As the produce travels along the conveyor particles will be left on the conveyor chain after the bulk thereof is emptied through the exit portal 34. In accordance with another feature of the invention there is provided means for cleaning the conveyor during each rotation as shown in FIGS. 4 and 5. For this purpose steam is forced through the conveyor chain from a manifold 66 connected to a steam supply. This manifold extends across and above the return portion of the belt 27 as it moves from the head pulley 28 so as to eject steam down through the chain into a catch tank 67. The catch tank has a bottom sloping down to an exit 69 connected through a trap 70 formed by the wall member 71. Thus the liquid level always remains above the bottom edge of the wall member 71 at the level of the top edge of the end wall 71A to prevent the passage of steam through the exit. Any foreign matter on the conveyor chain after the produce is discharged therefrom is washed from the chain and carried from the blanching chamber through the cleanout valve 73.
As pointed out before, the bed 18 and hood 19 form a sealed blanching chamber in which the produce is exposed to a steam atmosphere. For sealing around the hood bottom edge the bed 18 includes a continuous circumferential trough 72 which catches the water from the condensed steam falling on the bed top surface 74. This top surface is crowned so as to cause the water to flow to the edges and drop into the trough. The trough is formed by a side wall 75 and a bottom wall 76 fixed to the outer edge of the bed in alignment with the bottom edge 19C of the hood. Thus as the hood is lowered to the position 19A (FIG. 2) the bottom edge 19C is moved to a position below the water level in the trough to seal against the passage of steam from within the blanching chamber to the outside.
However past use of blanching systems of this general type has resulted periodically in the rapid condensation of the steam because of the initiation of a cooling of the blanching apparatus. The process is accumulative in that a slight cooling of the blanching apparatus will cause condensation of a portion of the steam which in turn results in a water runoff and a resulting further cooling of the apparatus. If the process of condensation proceeds sufficiently, a rapid condensation of all of the steam in the blanching apparatus will follow. Any such total condensation causes a rapid lowering of the pressure within the blanching chamber causing a substantial differential presssure between the chamber and the surrounding atmosphere. This differential pressure can result in the water within the trough 72 being pushed or sucked into the blanching chamber thereby destroying the sealing effect around the bottom of the hood 19. It such occurs a significant amount of time is necessary to once again condition the blanching apparatus for further operation.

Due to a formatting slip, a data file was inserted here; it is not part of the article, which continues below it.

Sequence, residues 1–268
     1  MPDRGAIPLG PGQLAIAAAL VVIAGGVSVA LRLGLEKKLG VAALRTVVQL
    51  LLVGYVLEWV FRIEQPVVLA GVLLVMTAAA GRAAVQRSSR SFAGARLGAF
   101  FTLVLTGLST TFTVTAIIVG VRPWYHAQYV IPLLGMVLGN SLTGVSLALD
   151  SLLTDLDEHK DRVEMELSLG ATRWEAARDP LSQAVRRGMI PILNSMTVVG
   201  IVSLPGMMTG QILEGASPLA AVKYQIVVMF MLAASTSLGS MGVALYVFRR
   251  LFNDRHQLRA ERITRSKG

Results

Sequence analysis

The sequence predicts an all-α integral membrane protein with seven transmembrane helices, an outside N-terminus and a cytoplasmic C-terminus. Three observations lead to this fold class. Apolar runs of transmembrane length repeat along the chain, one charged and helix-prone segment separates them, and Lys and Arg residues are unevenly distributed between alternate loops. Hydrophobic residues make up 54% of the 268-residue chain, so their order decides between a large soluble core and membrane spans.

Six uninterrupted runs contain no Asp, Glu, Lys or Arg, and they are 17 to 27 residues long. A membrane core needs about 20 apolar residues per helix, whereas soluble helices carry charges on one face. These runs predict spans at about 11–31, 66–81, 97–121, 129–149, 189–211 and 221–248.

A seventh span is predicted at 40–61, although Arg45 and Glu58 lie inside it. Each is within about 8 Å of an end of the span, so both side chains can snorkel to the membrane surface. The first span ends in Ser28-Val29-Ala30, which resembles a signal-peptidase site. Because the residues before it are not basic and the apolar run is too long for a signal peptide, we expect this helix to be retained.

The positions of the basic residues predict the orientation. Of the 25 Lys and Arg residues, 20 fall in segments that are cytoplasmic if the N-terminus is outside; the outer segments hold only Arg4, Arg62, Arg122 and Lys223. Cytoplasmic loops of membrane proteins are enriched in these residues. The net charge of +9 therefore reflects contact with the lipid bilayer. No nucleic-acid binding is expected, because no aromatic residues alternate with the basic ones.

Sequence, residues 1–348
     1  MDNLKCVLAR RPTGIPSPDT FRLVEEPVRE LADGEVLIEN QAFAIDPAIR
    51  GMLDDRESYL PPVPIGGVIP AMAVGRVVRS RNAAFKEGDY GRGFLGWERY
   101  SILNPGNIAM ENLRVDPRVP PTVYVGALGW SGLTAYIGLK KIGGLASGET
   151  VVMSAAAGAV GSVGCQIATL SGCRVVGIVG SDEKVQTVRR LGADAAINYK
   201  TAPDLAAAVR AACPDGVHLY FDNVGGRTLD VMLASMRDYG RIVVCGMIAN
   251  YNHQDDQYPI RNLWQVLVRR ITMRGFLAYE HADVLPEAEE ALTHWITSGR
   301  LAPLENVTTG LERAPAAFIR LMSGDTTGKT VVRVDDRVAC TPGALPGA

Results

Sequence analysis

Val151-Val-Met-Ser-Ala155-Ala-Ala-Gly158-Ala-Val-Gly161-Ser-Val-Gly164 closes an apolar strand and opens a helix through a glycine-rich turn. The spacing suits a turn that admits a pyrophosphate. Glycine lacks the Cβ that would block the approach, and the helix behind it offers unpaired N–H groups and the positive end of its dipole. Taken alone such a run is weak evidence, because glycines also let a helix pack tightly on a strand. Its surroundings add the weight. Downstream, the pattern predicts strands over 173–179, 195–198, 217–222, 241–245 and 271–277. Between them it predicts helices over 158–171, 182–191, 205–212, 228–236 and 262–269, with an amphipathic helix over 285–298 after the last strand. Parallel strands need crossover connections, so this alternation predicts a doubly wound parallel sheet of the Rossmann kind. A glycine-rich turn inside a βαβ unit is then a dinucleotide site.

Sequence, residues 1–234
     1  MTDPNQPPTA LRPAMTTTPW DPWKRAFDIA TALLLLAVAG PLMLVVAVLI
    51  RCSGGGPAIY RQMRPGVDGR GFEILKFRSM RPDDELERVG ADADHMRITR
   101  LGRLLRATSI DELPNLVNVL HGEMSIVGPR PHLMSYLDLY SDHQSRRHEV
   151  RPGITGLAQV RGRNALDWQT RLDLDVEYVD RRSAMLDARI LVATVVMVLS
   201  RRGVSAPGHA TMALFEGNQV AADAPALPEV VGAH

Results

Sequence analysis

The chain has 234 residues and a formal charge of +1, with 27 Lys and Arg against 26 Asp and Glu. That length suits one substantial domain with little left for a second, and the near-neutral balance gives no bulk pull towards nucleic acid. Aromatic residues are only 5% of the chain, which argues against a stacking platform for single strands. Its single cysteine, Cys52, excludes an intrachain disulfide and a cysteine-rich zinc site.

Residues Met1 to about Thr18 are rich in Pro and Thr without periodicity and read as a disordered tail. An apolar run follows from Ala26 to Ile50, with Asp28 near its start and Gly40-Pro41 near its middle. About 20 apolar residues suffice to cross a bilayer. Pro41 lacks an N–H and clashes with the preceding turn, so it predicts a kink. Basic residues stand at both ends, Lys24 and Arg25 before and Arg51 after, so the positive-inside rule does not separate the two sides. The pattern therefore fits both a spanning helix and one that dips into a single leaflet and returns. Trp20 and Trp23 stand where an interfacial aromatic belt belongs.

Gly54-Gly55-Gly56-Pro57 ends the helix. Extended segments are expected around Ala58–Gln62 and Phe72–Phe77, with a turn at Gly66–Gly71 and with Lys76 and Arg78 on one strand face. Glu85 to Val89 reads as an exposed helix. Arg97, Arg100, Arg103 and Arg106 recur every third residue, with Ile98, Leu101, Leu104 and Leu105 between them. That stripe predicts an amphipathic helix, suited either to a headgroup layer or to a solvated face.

In accordance with another feature of the invention, there is provided a pressure relief means in the hood operable only when the pressure within the hood drops below a predetermined valve to vent the chamber and prevent the water in the sealing trough from being dissipated. Thus recovery of the blanching operation can be effected much more quickly with very little interruption in the process. Accordingly as shown primarily in FIGS. 4 and 8 there is provided a pressure relief valve 77 in the end wall 19D of the hood comprising a port 78 in the end wall surrounded by a bottom wall 79, a top wall 80 and side walls 81 connecting the bottom and top walls as they extend into the blanching chamber. Fixed to the extending edges of these walls is a flange 82. The walls around the opening have the outer ends thereof terminal at an angle to vertical. At the portion of the flange 82 adjoining the top wall 80 there is bolted a flexible valve member or cover 84 which overlaps the flange around all of the edges of the opening 78 between the side walls. Means are provided to normally bias this valve member closed which in the embodiment shown is gravity pressing the cover flat against the flange 82. However with a rapid decompression within the blanching chamber, the surrounding atmospheric pressure will lift the flap 84 to the dotted line position 85 and allow air to pass into the blanching chamber as illustrated by the arrows. Thus the reduced pressure within the blanching chamber is relieved immediately to prevent the sealing trough water from being pulled into the blanching chamber which otherwise would have to be replaced before the blanching operation could be reinitiated.
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|U.S. Classification||99/483, 99/518|
|International Classification||A23B7/06, A23N12/02|
|Cooperative Classification||A23B7/06, A23N12/02|
|European Classification||A23B7/06, A23N12/02|